A/N I'm back again with another one-shot that was actually written ages ago but I've only just found now and decided to post. I like this one a lot because in some ways Peter is such an interesting character - the idea that he went against his friends out of pure fear has never impressed me much. Thus, this materialized.


Polar

He'd do it tonight he decided. Tonight. He ignored the fact that he'd said that every other night for the past six months. He ignored the fact that after six months he still hadn't done it. He ignored the tiny twinge he got – the same twinge he got whenever he told himself he was going to do it…

He was going to do it.

Tonight.

Tonight he was going to do it.

Yes Peter, we've established that tonight, you are going, to do it.

Shaking his head agitatedly he hurried forward. A great manor towered ahead of him; three stories high with large glass windows at every side.

He took a deep breath and seized himself up. He ran through every single reason he possessed for doing what he wanted to do – every reason for doing it tonight.

There really only seemed to be one reason for doing it tonight; that every night be put it off the deeper he sank.

He took another deep breath and rapped sharply on the oak door. The sound of his knocking resounded and soon he heard scurrying footsteps alerting him that the door was about to be opened.

A grubby house elf beckoned him in silently. He was well used to this by now and so ignored the house elf and strode quickly to the end of the magnificent hallway and stopped abruptly in front of another oak door.

Yes, definitely tonight.

"Come in Wormtail."

He fumbled with the door knob for a few seconds before he managed to grasp it and turn it such that he could enter the room. On entering the first thing he noticed were the emerald flames licking the brick fireplace.

"You have news I presume?"

The voice came from a leather chair in the middle of the room that at first glance seemed to be unoccupied until its occupant stood at full height and turned to Peter questioningly.

"Yes… Yes, My Lord." He said, swallowing hard and kneeling, "Indeed My Lord, there is an operation in Essex this evening."

"Who is overseeing this operation?"

"Waverly, the Auror that works for-."

"I am well aware who Waverly is Wormtail." The figure snarled icily. He paused for a few moments and then said, "Is this all?"

"Uh yes… Yes I'm afraid that's it my Lord."

"You may go Wormtail."

Peter hesitated. Yes Tonight. Definitely tonight.

"My Lord…"

"Wormtail, do you remember what I said to you?"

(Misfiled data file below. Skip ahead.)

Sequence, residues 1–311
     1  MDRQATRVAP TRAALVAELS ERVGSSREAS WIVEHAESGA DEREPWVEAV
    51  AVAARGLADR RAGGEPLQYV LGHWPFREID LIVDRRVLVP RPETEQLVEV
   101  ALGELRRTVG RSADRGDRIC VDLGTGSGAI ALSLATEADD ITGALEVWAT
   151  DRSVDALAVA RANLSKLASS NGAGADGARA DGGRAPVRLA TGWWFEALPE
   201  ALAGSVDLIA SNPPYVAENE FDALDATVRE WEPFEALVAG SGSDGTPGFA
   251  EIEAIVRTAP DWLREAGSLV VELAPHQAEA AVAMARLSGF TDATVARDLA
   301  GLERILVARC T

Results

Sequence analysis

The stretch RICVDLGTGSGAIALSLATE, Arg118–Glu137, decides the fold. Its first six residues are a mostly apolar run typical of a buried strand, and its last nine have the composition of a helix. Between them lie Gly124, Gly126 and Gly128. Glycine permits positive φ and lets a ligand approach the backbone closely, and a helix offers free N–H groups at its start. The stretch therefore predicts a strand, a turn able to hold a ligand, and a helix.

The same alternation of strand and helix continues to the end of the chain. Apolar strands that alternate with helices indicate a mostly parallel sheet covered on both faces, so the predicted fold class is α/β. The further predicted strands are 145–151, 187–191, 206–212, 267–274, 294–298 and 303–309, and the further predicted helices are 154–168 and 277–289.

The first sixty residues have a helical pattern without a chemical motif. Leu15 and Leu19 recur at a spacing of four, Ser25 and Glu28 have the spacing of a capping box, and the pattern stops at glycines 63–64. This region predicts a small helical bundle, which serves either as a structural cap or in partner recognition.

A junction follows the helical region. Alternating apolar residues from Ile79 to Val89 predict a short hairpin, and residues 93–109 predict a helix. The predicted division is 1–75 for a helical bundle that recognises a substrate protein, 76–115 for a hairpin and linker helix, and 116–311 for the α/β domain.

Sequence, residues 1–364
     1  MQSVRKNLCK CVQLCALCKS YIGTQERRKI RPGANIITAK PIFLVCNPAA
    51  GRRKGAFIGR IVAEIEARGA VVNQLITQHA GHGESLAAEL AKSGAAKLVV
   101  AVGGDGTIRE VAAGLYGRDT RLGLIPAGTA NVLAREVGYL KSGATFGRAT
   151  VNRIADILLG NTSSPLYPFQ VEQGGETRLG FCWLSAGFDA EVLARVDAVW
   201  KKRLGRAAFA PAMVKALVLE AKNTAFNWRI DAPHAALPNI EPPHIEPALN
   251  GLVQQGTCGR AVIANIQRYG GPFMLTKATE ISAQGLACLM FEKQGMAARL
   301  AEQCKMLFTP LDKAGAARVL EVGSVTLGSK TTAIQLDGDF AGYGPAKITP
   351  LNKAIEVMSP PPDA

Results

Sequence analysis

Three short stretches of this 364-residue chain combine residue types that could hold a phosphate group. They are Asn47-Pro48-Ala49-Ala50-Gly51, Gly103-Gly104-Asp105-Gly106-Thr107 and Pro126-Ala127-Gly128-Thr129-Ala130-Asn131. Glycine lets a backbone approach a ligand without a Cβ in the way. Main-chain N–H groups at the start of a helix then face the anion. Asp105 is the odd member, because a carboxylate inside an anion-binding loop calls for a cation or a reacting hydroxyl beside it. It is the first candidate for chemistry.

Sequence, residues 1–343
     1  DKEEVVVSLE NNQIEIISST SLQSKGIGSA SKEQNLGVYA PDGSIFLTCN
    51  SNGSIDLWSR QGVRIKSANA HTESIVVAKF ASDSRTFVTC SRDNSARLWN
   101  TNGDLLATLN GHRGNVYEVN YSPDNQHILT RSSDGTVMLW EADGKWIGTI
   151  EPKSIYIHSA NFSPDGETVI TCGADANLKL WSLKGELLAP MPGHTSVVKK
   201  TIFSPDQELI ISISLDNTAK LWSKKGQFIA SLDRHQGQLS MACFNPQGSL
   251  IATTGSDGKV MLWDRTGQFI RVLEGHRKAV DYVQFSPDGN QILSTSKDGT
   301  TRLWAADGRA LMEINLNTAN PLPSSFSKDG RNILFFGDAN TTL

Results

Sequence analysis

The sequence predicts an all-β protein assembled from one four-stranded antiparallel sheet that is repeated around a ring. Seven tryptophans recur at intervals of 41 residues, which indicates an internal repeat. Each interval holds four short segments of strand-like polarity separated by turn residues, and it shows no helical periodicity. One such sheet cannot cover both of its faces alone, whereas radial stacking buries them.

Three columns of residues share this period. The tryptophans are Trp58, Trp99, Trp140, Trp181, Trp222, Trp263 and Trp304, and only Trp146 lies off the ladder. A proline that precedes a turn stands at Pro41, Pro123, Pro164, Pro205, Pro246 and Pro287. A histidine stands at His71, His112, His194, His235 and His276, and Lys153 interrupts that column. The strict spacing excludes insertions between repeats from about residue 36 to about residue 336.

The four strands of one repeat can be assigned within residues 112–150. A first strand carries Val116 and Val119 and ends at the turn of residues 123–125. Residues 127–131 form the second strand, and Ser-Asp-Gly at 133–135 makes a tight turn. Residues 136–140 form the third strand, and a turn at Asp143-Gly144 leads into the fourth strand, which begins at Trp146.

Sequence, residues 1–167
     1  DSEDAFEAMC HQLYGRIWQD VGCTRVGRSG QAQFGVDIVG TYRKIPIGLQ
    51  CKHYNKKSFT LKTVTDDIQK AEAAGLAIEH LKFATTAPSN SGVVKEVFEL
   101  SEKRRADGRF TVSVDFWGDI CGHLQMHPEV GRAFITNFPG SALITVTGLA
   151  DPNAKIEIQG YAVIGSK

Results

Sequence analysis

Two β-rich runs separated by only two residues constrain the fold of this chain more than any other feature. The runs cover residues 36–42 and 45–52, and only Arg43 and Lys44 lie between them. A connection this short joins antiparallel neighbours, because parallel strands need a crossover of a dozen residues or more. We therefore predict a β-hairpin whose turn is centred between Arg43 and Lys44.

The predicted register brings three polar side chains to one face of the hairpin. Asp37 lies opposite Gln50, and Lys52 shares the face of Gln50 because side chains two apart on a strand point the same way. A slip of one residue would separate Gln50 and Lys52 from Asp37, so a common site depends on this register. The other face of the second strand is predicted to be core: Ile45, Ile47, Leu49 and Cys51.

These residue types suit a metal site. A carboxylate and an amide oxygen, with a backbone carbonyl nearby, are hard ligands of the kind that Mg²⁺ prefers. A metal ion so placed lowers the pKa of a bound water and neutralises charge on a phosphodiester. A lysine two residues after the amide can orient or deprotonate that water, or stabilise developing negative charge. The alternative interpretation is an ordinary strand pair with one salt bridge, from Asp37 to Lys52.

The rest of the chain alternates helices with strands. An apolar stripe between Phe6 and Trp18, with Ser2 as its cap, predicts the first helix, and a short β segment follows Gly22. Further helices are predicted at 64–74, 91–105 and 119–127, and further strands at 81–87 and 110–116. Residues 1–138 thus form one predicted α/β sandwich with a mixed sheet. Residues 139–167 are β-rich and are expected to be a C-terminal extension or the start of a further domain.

Of course he remembered. He remembered everything he'd ever said to him. He could recall everything.

"Of course my Lord."

"What did I say Wormtail?"

"That…" He paused, "That I would be glorified beyond my imagination when the war was over."

The figure nodded.

"And that doing this was true bravery. True bravery."

"That's right Wormtail. You will do well to remember. Leave."

Peter scurried from the room without another word. He didn't look back until he had passed both doors and was halfway down the drive.

He felt sick with himself. He'd felt sick with himself for half a year. Six months. Twenty six weeks. God knew how many days.

But it was what got him every time, that bravery.

Because that's what it was in a way. Bravery.

It certainly wasn't noble bravery. That's what hurt Peter the most. He wanted to be like his friends – his very best friends who he was betraying. He wanted to have bravery and nobility at the same time.

But he knew that would never be. He was Peter Pettigrew, the boy who sat behind James Potter and Sirius Black and occasionally Remus Lupin, the boy who tagged along and did just as much but never saw any praise because he was just behind the curtains pulling a rope for those on stage.

A kind of anger welled inside him.

And like he had every night for six months he told himself that it was bravery. That, standing up against his friends, in a sick kind of deluded way, was actually bravery.

He'd always wondered why he'd been placed in Gryffindor. It seemed such an ironic choice at the time. At eleven he'd been scared of the dark, muggle traffic crossings and spiders. Not what he considered the makings of a true Gryffindor.

But now he understood why.

It was because he was brave. It was because he was standing up and fighting – not in any way what he considered noble, but in a way that would insure in the end that he would finally be glorified.

Even if it came at the life of his friends.

Yes, he decided. He was brave. Being at the extremes was brave. Because fighting for good and fighting for evil, fighting for either was brave. It just had never seemed that way because one was noble and the other wasn't.

Yes, being in the middle was cowardly. Not doing anything at all was cowardly. Not doing anything good or otherwise, that was cowardly.

Yes what he was doing was not cowardly. Cowardice would be the excuse – but not in any way the truth.

"He was going to kill me if I didn't spy for him." That's what he'd say.

"I was going to kill me if I didn't prove to myself that I could be glorified." He'd think.

And that, for another sixteen hours at least, made him half way satisfied with what he was doing.


Any comments at all will be appreciated :)